(For more on Kate, see the Lobster & Canary interview August 1, 2010, and her website

In only its fifth year, the NY Art Book Fair, organized by Printed Matter, Inc., has become a "must see" on the fall arts circuit. The show was utterly packed on Saturday afternoon, standing room only in some places...

...for good reason, as c. 300 exhibitors treated us to a riot of interstitial, interdisciplinary, innovative, beautiful, bizarre, and sometimes just plain "huh?"-inducing books, journals, (maga)zines, broadsides, posters, prints, text/object mash-ups, and other less definable items.

Kate, the lobster, and the canary left delightfully overwhelmed. A few notes from a pile of impressions:

The Center for Book Arts (NYC), for their poetry chapbook collaborations (co-curated by Sharon Dolin, who we interviewed here March 13 & May 22, 2010).

Studio on the Square Book Arts Collective (NYC), for crisp composition and stand-out craftsmanship. (The small book entitled "Sacred Tables" glowed with a Klee-like combination of formal gridwork and subtly leaping colors.) Plus, the Studio on the Square's Intima Press featured the "Goddard Declaration of Independence": "Many of the names associated with the Declaration of Independence-John Hancock, Samuel Adams, Samuel Chase-are household names. Another one-Mary Katherine Goddard-is probably not. But Goddard played a central role in this foundational American document-she printed it. At the time she was living in Baltimore and was in fact Baltimore’s Postmistress."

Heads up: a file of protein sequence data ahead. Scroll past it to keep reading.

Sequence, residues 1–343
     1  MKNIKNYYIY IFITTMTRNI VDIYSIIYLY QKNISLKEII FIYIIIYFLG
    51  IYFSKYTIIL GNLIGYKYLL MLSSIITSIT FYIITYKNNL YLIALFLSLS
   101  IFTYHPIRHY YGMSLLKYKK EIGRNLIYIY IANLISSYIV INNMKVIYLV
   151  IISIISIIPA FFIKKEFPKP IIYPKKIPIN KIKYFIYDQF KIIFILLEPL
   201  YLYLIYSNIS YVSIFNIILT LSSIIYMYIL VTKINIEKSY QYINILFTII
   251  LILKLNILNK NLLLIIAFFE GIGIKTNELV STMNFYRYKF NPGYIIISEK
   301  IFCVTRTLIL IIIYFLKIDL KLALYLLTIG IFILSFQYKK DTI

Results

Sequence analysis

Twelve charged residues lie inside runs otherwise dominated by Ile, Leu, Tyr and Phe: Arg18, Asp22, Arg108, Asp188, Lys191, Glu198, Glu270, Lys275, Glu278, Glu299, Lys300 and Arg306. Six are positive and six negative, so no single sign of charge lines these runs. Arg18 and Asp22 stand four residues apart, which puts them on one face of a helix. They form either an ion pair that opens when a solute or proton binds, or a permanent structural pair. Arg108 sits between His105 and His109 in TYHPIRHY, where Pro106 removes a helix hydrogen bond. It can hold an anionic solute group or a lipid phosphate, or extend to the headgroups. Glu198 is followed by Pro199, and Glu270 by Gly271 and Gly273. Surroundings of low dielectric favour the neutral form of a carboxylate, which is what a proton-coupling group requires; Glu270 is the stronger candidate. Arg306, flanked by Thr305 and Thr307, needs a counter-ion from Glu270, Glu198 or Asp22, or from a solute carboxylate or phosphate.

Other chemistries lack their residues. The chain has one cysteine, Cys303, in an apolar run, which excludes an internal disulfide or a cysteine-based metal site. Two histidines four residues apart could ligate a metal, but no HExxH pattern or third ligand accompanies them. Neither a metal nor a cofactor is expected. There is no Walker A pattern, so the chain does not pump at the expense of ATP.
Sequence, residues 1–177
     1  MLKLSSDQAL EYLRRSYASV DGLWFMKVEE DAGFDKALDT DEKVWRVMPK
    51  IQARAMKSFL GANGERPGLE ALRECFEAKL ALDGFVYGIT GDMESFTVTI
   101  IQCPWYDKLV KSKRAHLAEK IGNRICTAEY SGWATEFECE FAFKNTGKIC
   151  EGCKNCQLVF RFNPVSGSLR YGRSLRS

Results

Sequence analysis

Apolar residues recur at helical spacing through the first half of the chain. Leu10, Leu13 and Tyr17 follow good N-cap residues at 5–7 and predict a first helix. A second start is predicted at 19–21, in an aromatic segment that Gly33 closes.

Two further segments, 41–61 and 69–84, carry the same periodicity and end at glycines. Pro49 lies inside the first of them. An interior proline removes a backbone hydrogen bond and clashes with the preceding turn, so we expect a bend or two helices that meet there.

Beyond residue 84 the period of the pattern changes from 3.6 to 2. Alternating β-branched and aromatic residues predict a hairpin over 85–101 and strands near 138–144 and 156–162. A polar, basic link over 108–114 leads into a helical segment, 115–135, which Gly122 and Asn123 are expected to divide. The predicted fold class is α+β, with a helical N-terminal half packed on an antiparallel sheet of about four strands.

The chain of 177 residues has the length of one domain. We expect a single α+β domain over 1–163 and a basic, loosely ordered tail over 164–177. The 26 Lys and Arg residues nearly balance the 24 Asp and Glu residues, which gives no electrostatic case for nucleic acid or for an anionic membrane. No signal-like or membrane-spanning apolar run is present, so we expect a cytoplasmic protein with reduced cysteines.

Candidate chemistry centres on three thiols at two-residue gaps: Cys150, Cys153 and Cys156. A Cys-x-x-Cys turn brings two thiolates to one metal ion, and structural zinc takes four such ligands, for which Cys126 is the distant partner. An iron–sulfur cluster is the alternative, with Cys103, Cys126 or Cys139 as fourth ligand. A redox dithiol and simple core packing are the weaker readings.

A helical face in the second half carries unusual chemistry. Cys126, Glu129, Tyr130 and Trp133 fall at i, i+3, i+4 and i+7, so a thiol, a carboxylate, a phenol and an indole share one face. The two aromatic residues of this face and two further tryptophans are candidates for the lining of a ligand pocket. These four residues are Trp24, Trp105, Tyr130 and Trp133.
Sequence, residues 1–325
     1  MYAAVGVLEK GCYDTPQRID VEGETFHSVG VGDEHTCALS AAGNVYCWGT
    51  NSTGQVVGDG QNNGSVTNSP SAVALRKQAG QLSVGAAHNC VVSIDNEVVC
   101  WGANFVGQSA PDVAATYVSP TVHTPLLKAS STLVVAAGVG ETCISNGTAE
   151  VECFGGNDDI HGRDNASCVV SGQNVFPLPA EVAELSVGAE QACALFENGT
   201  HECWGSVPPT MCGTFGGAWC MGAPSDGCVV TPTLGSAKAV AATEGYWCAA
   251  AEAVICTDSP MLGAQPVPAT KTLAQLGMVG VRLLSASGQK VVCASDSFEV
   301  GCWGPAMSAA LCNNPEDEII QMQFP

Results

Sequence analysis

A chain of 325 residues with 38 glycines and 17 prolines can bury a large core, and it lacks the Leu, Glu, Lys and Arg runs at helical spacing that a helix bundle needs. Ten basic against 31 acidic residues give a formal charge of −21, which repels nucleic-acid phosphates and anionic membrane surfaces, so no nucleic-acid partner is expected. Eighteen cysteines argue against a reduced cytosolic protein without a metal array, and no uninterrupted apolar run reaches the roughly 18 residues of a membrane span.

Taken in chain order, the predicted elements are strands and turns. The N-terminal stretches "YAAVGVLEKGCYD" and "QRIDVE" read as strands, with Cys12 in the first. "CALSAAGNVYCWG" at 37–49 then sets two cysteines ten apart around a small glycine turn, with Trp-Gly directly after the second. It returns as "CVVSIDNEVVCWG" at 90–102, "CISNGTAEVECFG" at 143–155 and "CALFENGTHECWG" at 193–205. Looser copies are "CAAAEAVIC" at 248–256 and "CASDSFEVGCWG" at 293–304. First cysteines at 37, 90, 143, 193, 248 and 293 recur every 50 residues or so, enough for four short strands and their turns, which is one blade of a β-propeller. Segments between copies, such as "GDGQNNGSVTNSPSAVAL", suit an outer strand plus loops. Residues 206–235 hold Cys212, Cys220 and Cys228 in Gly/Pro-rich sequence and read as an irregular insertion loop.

Artspeak (Vancouver) for intriguing dialogue between practitioners and critics. From their website: "Artspeak presents contemporary practices, innovative publications, bookworks, editions, talks and events that encourage a dialogue between visual art and writing."

The Department of Interdisciplinary Arts at Columbia College Chicago, for their Journal of Artists' Books.

Siglio Press for their exquisite productions, especially of work by Nancy Spero and by Denis Wood. From their website: "SIGLIO is a new, independent press in Los Angeles dedicated to publishing uncommon books that live at the intersections of art and literature. Siglio books defy categorization and ignite conversation: they are cross-disciplinary, hybrid works that subvert paradigms, reveal unexpected connections, rethink narrative forms, and thoroughly engage a reader's imagination and intellect."

Proteus Gowanus (NYC) for their boldness, their hints of melancholy and outright morbidity, and the sheer volume & variety of their output. As they put it, they "extend an interesting train of thought into print."

e-flux for international interconnections and clever use of the chalkboard. As they put it: "Established in January 1999 in New York, e-flux is an international network which reaches more than 50,000 visual art professionals on a daily basis through its website, e-mail list and special projects. Its news digest – e-flux announcements – distributes information on some of the world's most important contemporary art exhibitions, publications and symposia".

The Silas Finch Foundation (NYC) for arresting, make-you-think imagery. From their website: "We work collaboratively with artists to produce, publish and promote ambitious photographic projects. We also work to develop and support new platforms for the publication and distribution of photographic art in the 21st century."

De Appel (Amsterdam) for its public art projects. From their website: "Since 1975 it has functioned as a site for the research and presentation of contemporary visual art through exhibitions, publications and discursive events. De Appel also functions as a platform for performances by visual artists, choreographers and theatre makers. [...] It has a special thematic focus on 'context-responsive' curating and the presentator [sic] of art in the 'public sphere'."

And these worthies only head a long list of appealing presenters at the NY Art Book Fair in 2010.